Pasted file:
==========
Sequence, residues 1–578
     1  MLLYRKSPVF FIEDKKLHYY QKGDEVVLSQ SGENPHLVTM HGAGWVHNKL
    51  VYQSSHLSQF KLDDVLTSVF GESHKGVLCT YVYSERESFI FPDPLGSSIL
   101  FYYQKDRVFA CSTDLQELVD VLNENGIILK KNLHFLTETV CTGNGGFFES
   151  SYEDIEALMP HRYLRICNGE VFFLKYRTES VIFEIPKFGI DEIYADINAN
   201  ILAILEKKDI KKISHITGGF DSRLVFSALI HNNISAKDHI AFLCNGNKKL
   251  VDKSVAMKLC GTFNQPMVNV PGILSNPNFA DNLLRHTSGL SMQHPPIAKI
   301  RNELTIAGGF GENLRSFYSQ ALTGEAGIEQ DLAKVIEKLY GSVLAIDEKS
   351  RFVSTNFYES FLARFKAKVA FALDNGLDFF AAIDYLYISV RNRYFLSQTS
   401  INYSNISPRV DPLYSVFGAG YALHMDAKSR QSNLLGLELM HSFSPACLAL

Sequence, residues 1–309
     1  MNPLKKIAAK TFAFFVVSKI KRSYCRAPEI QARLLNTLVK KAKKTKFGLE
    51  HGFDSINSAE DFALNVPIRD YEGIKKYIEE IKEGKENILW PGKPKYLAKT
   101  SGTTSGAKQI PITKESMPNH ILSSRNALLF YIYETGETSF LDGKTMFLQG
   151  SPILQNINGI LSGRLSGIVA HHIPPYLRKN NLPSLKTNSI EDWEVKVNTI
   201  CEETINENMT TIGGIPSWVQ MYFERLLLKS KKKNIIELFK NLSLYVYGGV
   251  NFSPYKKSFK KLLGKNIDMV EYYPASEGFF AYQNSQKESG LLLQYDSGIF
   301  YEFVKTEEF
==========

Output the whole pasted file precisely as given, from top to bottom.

Sequence, residues 1–578
     1  MLLYRKSPVF FIEDKKLHYY QKGDEVVLSQ SGENPHLVTM HGAGWVHNKL
    51  VYQSSHLSQF KLDDVLTSVF GESHKGVLCT YVYSERESFI FPDPLGSSIL
   101  FYYQKDRVFA CSTDLQELVD VLNENGIILK KNLHFLTETV CTGNGGFFES
   151  SYEDIEALMP HRYLRICNGE VFFLKYRTES VIFEIPKFGI DEIYADINAN
   201  ILAILEKKDI KKISHITGGF DSRLVFSALI HNNISAKDHI AFLCNGNKKL
   251  VDKSVAMKLC GTFNQPMVNV PGILSNPNFA DNLLRHTSGL SMQHPPIAKI
   301  RNELTIAGGF GENLRSFYSQ ALTGEAGIEQ DLAKVIEKLY GSVLAIDEKS
   351  RFVSTNFYES FLARFKAKVA FALDNGLDFF AAIDYLYISV RNRYFLSQTS
   401  INYSNISPRV DPLYSVFGAG YALHMDAKSR QSNLLGLELM HSFSPACLAL

Sequence, residues 1–309
     1  MNPLKKIAAK TFAFFVVSKI KRSYCRAPEI QARLLNTLVK KAKKTKFGLE
    51  HGFDSINSAE DFALNVPIRD YEGIKKYIEE IKEGKENILW PGKPKYLAKT
   101  SGTTSGAKQI PITKESMPNH ILSSRNALLF YIYETGETSF LDGKTMFLQG
   151  SPILQNINGI LSGRLSGIVA HHIPPYLRKN NLPSLKTNSI EDWEVKVNTI
   201  CEETINENMT TIGGIPSWVQ MYFERLLLKS KKKNIIELFK NLSLYVYGGV
   251  NFSPYKKSFK KLLGKNIDMV EYYPASEGFF AYQNSQKESG LLLQYDSGIF
   301  YEFVKTEEF